Is there an investment bubble in the UK?
Are any asset classes overvalued, or experiencing an “investment bubble”?
Yes, blue chip dividend paying income shares are deemed to be overpriced. As everyone is seeking income investors have paid higher prices for these shares and yields have contracted. Shares like Reckitt Benckiser and Unilever are trading way above their long-term average price/earning ratios. Is this a bubble? Probably not. They are great companies. But it does mean that they are overpriced and buying in now would be foolish for yields of between 2.2% -3% when you can purchase student property with good fundamentals that fetch an annual yield of 8% and above.
What if I decide to invest in student property, is it overvalued?
The price of student property is dictated by the yield that be achieved, which is generally in-line with inflation.
Individuals could invest in a student pod that costs £50000 and offers a yield of £5000 or 10% per annum. Obviously in the future if they decided they wanted to sell that unit at a profit for £55000 yet the rental yield has not gone up, future investors would only be achieving a yield of 9%, which makes the investment less attractive overall and be harder to sell.
Student property in sought-after areas should be experiencing increases in rent, ensuring that investors can advertise their unit at a higher price whilst it manages to attain the same yield, making the investment as attractive as it was originally. If rents increase and the yield is now £5500 per annum, units can be sold on for £55000 still a 10% yield, thus the investment retains its original appeal.
What advantages do student property investments have over residential investments?
As students tend to occupy a unit for an entire year there tends to be a lower vacancy rate when compared to residential property which ensures a consistent income stream for the investor. Students will find something suitable and settle there, whereas tenants staying in residential property may move if their work dictates it, or if they have a change in personal circumstances. Investors can take steps to minimise the detrimental effect on the property being vacant though, as rental insurance can cover the 3-month period until eviction takes place and squatting is now illegal.
Student property investments are usually “hands-off” as the development is usually run by a management company on the investor’s behalf. The job of finding new tenants, exchanging contracts and the day-to-day running of the development will be undertaken by the management company. This is ideal for overseas investors or business people who cannot be physically present to do these things, or cannot spare the time to.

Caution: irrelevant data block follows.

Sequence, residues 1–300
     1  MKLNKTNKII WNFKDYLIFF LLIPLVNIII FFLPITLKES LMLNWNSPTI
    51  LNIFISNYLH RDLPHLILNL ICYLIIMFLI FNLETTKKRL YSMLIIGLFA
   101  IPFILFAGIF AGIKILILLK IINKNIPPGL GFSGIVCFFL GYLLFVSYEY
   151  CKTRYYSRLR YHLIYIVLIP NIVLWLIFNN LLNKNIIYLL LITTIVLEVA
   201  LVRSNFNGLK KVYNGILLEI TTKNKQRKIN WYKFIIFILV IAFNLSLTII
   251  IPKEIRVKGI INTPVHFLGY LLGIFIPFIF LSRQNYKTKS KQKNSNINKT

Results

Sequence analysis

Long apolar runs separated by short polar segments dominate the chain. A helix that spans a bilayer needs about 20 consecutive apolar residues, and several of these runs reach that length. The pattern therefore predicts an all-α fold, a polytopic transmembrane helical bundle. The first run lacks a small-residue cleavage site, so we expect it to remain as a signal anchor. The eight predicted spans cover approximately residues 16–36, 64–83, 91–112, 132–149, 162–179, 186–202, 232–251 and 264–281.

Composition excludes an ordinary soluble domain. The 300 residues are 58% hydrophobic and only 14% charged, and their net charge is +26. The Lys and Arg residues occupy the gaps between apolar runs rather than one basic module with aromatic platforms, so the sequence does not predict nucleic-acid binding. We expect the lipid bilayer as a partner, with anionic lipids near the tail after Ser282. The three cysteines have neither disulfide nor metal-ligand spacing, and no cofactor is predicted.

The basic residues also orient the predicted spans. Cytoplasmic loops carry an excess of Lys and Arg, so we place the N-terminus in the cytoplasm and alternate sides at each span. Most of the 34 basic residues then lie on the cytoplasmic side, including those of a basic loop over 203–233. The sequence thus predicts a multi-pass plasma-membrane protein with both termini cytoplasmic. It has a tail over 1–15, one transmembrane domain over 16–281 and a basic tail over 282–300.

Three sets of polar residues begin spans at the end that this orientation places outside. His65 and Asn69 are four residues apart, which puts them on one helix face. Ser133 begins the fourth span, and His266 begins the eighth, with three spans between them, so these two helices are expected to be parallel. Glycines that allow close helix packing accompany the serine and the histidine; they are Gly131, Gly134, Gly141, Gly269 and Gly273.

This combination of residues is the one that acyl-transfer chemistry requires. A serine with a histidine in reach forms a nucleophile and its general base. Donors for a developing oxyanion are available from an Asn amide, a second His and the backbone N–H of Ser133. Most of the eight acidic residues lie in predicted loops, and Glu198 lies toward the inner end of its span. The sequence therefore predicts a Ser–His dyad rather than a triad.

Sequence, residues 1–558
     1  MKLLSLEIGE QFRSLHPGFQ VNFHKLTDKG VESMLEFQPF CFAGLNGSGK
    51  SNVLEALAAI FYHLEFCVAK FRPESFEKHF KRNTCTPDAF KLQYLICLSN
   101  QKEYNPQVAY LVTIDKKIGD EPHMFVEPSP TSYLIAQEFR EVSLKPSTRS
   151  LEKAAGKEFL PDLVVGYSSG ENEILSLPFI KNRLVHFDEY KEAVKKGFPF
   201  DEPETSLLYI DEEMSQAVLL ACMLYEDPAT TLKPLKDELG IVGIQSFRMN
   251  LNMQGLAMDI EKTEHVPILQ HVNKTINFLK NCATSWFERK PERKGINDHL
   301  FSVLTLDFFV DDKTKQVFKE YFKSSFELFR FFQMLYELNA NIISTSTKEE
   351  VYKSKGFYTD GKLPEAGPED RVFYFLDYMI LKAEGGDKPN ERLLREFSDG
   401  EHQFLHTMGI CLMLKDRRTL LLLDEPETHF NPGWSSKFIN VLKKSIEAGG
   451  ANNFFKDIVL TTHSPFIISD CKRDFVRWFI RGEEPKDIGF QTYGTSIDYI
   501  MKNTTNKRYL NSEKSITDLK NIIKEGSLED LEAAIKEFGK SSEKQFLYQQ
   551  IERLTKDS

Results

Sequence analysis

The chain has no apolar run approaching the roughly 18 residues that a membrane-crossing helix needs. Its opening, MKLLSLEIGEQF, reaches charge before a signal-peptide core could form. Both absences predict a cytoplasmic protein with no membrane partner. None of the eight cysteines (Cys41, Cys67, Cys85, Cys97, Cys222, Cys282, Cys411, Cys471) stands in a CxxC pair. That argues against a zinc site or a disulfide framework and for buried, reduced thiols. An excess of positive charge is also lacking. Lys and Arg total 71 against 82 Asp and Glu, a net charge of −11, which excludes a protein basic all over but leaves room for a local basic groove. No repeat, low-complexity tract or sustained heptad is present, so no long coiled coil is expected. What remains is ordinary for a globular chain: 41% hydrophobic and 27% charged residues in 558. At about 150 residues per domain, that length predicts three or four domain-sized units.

Can I obtain a mortgage to purchase a student property investment? What about residential property?
Investors generally can’t obtain mortgages unless they already have property in the UK that they could use as collateral. It is wise to purchase the first units with cash, investors can buy Phoenix Place student pods from £49,950 and use that to secure lending for future purchases. Residential properties in London and over £150,000 in Manchester could potential obtain finance with 40% deposits.
Can I sell on student property easily, and for a good price?
Although a key benefit of owning residential property is that it can often be sold on for a considerable profit if carefully selected in an area with flourishing fundamentals, that it not to say student property cannot achieve similar rates of capital growth.
If the development is well-managed and in a good area, it can be re-sold for a profit too. Property investment company One Touch Investment recently assisted an investor with a resale of a student property investment. The investor needed to release some equity so had decided to sell on two student units in Liverpool. They were originally purchased at £53,695 and £55,395 respectively, with both fetching a 9% yield. The units were sold on for £57,500 and £59,000, meaning that the investor made a profit of 7.1% and 6.5%.
According to a whitepaper released by Savills in March 2017, at least 300,000 new homes per annum must be built in the UK to really address the shortfall. Political parties have promised the construction of 200,000 (only 2/3 of what is needed), and have consistently fallen short of this figure for over a decade. Looking forward it is highly improbable that supply will ever catch up with the need for such property in the UK, which in turn should keep prices relatively buoyant and resilient. In conclusion, property investments that are carefully selected in areas of good growth and high demand should fetch good returns, and these often perform better than other asset classes. There is clearly a demand for these investments, as the resale example has demonstrated.